Europe must prepare for a future in which powerful quantum computers are commercially available, allowing hackers to decode previously-encrypted material, experts and industry practitioners have urged, while calling for an action plan.
The European Policy Centre (EPC), a Brussels-based think tank, published a paper outlining a cybersecurity strategy for quantum computing, arguing that the EU needs a Coordinated Action Plan to respond to ‘harvest attacks’ and future quantum attacks on encryption.
Quantum computing is a rapidly developing field, offering new opportunities in the field of AI, as quantum computers outstrip supercomputers’ capacities.
Currently, EU governments operate under rules that sensitive documents will be declassified between 20 and 50 years. With the ‘download now-decrypt later’ attacks, encryption and dissemination of sensitive information can be much faster than that – estimated at seven years.
“This paper is the result of a reflection process with stakeholders across the European policymaking community and industry and tries to offer policy recommendations to mitigate the impact of cyber threats created by the advent of a cryptographically significant quantum computer,” Andrea Rodríguez, the paper’s author and Lead Digital Policy Analyst at EPC, told EURACTIV.
Quantum attacks on encryption
The so-called ‘harvest attacks’ allow cybercriminals to download encrypted information to be decrypted once the technology is available, significantly changing the threat landscape.
“These are no ‘future challenges’ but actual ones, such as harvest attacks,” Rodríguez explained.
While cryptography is the silver bullet of secure digital communication, the impact on the everyday life of broken cryptography algorithms in a post-quantum security era would allow decoding encrypted information and access to information systems.
In other words, it would open the door to previously confidential information and includes everything ranging from internet traffic, financial transactions, banks, e-passports, VPNs, and Bitcoin to intellectual property theft and disruption of critical infrastructure.
“In a fastly evolving quantum and cybersecurity world, time for decision-making and security implementation need to be in terms of weeks, not years/decades,” warns Iva Tasheva, a cybersecurity expert at CyEn consultancy.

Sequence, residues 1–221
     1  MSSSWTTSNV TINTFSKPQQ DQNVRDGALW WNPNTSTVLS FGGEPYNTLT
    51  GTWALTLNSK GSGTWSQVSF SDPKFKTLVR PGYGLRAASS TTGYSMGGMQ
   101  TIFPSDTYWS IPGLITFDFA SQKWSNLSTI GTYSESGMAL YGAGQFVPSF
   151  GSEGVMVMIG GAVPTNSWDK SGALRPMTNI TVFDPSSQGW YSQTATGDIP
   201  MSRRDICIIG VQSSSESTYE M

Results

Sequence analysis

As the policy paper pointed out, cybercriminals aim to obtain sensitive encrypted data that cannot be decoded yet, to hold onto until super and quantum computers become commercially available.
“Whether it’s cars to planes or even power plants if systems will be operational 15 – 30 years from now, they already need to begin planning a migration towards Quantum Safe cryptography because once the products are in the field, it will be harder to upgrade,” Zygmunt Lozinski working at IBM Research told EURACTIV.
To secure information in the post-quantum security era, there are currently two potential solutions for the private and public sectors, quantum key distribution and post-quantum cryptography.
While quantum key distribution offers two parties to establish a secure communication channel based on quantum physics, post-quantum cryptography comprises cryptographic algorithms which are believed to be quantum resistant.
Nevertheless, both options do not exclude potential eavesdropping, authentication problems, or retrospective decryption of these algorithms.
“From our perspective, IBM thinks companies and governments should be thinking now about the promise of quantum computing and the need to secure data from quantum hacks side by side,” Lozinski added.
EU quantum cybersecurity approach
Compared with the US approach, the EU’s efforts to prevent quantum cyberattacks “lack a clear strategy about how to deal with short-term threats, such as ‘harvest attacks’,” the discussion paper reads.
While the EuroQCI is the EU’s flagship programme for secure communication in quantum computing by 2027, “its promising applications divert policymakers from paying attention to today’s needs of the European cybersecurity agenda about quantum cybersecurity threats,” writes Rodríguez.
A Coordinated Action Plan on quantum transition outlining clear goals and timeframes and monitoring the implementation of national migration plans to post-quantum encryption should be the solution to keep up with the Alley on the other side of the Atlantic.
“Coordination and cooperation within Europe must be intensified with this goal in mind – both in terms of opportunities and challenges,” the conservative Christian Democrat Thomas Jarzombek, member of the German Bundestag, told EURACTIV.
Germany, in particular, is striving to be at the forefront of global competition with its new concept of action on quantum technologies.
Unlike a new regulation or directive on this topic, the action plan would allow faster alignment of strategic objectives between EU countries and the European Commission and foster stronger cooperation between ENISA, the EU’s cybersecurity agency, and national experts to identify priorities and use cases.
“We don’t need only to secure quantum, but also to make it work for bettering our security. Governments’ temptations to use it for surveillance should be regulated,” CyEn’s Tasheva told EURACTIV.
The expert added that the maturity in security risk management must also be improved since not all data needs to be encrypted, and not always by the same method.
[Edited by Luca Bertuzzi/Nathalie Weatherald]
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